UCR Hosts 27th Annual Rivera Conference

By Laila Rashid, CHASS Dean’s Office Student Intern
February 13, 2015

In her third year as the Tomás Rivera endowed chair, Professor Tiffany López carries the unique responsibility of upholding the legacy of Tomás Rivera, the youngest and first minority chancellor in the UC system appointed at UCR from 1979-1985.

As someone who grew up as a migrant farm worker and went on to achieve a doctorate, Rivera coined the term “civic morality,” the idea that anyone who has the privilege of being educated also has the responsibility to inspire others in the community. “We are morally responsible for understanding we are one in a chain of change,” said López.

Part creative artist and part scholar, López’s work focuses on issues about trauma and violence while also thinking creatively about community engagement. In addition to being professor of theatre, film and digital production, she is also the founding director of the Segundo Jueves Play Project at the Culver—a project that has attracted the larger community and stemmed from her position as endowed chair. Semi-annually, López teaches a seminar in the life and work of Tomás Rivera, where she works with students on the Rivera papers.

One of her most important charges is to direct the annual Tomás Rivera Conference, established by Rivera’s widow, Concha Rivera, in conjunction with members of the campus and Riverside community who wanted a forum to continue the conversations that Rivera initiated during his career. The 27th conference will be held next Friday on February 20 and centers around the theme of Latinos and wellness.  The conference, driven by the concept of the master class workshop, serves to celebrate Rivera and put a spotlight on issues relevant to his mission, such as community engagement, advances in higher education, and thinking about how we can use our education to become leaders. “By wellness, we want to think about issues of medicine and health, topics central to new directions on campus and in the inland empire,” said López.

In addition to workshops involving topics about physicians on the frontlines, mental health diagnosis and treatment, elder and hospice care, addiction and recovery, health advocacy through music, storytelling and community wellness, and building personal and communal fiscal health, the program will include a movie screening and performances by members of the Grammy Award-winning group Quetzal.

“We are grateful to have such amazingly talented and passionate workshop facilitators, keynote speakers, and performers,” said Arlene Cano Matute, social/cultural programmer for Chicano Student Programs who have long been a partner and conference participant of this annual event. “Our students will leave feeling empowered and reminded that they have a community of support outside of UCR as much as they do inside,” she said.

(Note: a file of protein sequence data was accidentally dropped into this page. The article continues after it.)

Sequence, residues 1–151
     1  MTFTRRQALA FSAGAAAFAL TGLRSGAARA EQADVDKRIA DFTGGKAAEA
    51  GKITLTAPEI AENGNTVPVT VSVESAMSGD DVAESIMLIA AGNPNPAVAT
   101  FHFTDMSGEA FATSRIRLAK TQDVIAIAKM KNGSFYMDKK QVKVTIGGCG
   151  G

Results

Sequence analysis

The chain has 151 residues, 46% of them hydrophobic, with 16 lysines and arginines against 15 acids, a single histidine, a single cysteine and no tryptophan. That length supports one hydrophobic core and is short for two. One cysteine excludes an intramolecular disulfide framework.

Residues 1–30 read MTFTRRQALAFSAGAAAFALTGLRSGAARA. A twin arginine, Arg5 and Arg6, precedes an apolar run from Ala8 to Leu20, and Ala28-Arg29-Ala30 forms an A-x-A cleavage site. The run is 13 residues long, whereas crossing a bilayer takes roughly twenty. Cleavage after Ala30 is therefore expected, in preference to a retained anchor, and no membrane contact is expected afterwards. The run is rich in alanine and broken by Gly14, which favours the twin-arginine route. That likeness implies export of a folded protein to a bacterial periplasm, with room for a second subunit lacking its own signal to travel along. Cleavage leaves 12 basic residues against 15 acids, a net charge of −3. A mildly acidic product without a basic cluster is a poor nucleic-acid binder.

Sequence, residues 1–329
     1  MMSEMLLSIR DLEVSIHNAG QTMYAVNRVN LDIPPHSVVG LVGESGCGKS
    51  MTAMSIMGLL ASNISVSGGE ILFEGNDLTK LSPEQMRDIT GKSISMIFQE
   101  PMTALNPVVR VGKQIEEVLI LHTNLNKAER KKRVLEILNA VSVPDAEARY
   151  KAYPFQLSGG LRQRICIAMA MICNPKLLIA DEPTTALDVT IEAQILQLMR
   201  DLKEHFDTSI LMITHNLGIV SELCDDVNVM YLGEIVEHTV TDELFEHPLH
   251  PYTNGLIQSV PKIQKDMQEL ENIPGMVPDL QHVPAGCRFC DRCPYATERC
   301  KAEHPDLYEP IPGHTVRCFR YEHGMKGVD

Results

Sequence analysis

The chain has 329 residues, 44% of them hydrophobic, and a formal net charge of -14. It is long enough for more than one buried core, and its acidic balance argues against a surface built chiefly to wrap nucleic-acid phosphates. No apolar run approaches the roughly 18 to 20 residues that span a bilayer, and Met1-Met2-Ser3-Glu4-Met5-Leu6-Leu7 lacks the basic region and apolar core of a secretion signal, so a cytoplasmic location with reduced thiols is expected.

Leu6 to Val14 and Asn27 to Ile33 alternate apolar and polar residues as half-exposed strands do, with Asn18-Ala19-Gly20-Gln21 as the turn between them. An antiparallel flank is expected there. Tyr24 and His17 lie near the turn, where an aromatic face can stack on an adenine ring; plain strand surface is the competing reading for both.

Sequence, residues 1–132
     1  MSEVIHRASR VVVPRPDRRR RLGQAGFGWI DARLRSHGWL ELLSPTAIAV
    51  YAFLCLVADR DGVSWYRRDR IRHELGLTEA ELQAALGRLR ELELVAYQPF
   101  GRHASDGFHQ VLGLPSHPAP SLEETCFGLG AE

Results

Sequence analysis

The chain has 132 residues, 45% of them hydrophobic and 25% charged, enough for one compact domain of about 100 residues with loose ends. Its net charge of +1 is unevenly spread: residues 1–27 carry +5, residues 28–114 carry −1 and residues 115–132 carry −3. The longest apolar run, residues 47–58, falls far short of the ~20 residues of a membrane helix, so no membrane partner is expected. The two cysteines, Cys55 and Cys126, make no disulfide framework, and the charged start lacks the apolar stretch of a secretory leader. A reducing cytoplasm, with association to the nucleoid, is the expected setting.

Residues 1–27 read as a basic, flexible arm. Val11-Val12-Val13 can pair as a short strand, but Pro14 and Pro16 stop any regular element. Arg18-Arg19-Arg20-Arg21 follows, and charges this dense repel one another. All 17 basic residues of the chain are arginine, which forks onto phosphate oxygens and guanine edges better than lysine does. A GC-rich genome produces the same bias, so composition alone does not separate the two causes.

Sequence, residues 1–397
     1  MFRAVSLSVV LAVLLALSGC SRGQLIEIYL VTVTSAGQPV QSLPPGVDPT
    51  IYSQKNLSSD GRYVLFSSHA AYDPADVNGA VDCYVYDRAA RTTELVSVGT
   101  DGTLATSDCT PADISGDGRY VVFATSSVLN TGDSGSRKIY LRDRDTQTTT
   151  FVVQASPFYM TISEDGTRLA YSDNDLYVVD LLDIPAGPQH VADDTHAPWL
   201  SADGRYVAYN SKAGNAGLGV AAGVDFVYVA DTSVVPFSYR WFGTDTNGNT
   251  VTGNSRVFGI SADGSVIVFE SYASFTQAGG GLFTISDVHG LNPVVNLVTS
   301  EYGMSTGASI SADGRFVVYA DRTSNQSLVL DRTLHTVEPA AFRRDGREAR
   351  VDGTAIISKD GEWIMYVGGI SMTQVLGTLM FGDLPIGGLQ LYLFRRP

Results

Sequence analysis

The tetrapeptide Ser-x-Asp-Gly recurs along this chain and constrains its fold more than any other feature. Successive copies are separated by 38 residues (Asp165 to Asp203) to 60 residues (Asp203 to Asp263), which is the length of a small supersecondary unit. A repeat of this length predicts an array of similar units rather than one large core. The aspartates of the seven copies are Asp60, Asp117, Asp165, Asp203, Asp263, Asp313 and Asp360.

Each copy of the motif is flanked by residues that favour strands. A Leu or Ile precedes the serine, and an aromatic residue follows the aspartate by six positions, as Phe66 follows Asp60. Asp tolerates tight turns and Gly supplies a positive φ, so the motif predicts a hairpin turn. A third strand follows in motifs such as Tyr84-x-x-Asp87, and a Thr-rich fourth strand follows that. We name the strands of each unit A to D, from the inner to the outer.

Jennifer Nájera, assistant professor of ethnic studies, attended the conference last year and is amazed by how expansive it has become. “Professor López has a lot of connections within the Latino arts community and works hard to really draw from these resources and bring them to UCR,” she said. “This conference is one of the few spaces where students can bridge what they’re learning on campus with a broader sense of community knowledge.”

On Thursday, February 19 at the Culver Center, Luis Alfaro, a MacArthur Genius Fellow and one of the most important playwrights in American theater will perform his solo play St. Jude, a performance about caring for his father in the wake of a heart surgery and the lessons he learned from this.

“The best part is actually having the opportunity to bring people together for conversations that have already begun to create seeds of change,” said López. “There have also been several networking relationships that have evolved and resulted in students gaining internships and jobs from the people they met at the conference.”

Estefani Castro, a fourth year student majoring in media and cultural studies at UCR, first got involved with the Rivera conference last year when López provided opportunities for students to volunteer. Castro found the experience so beneficial she now works as a producing intern for the conference, and expresses excitement for this year’s events. “Each workshop will attract it’s own specific group of students,” she said. “For example, in the music writing workshop, students will be able to work directly with the members of Quetzal to explore how music relates to our wellness.”

When asked about the importance of the conference, Castro highlighted the legacy of Tomás Rivera. “As a student, the conference is really important to me not only because I’m working on it, but also because it’s celebrating what Tomás Rivera did at UCR when he was chancellor,” she said. “A lot of times minority students are shown the ceiling, but I think the legacy of Tomás Rivera shows them the sky. It’s also a chance for students to experience and hear about the work of important figures to see if any of those career paths resonate with them.”

All events are free and open to the public. On-site registration for Friday’s conference will begin at 10:30 a.m. in Highlander Union Building 302 but early reservations are highly recommended at tomasriveraconference.ucr.edu as confirmed registration is encouraged by the morning of the conference to reserve lunch and participation in Master Class Workshops. The events will conclude at 5 p.m. and parking will be available for $6 in Lot 30 and $8 in Lot 6. Parking permits may be purchased at kiosks at the University Avenue and Martin Luther King Boulevard entrances to campus.

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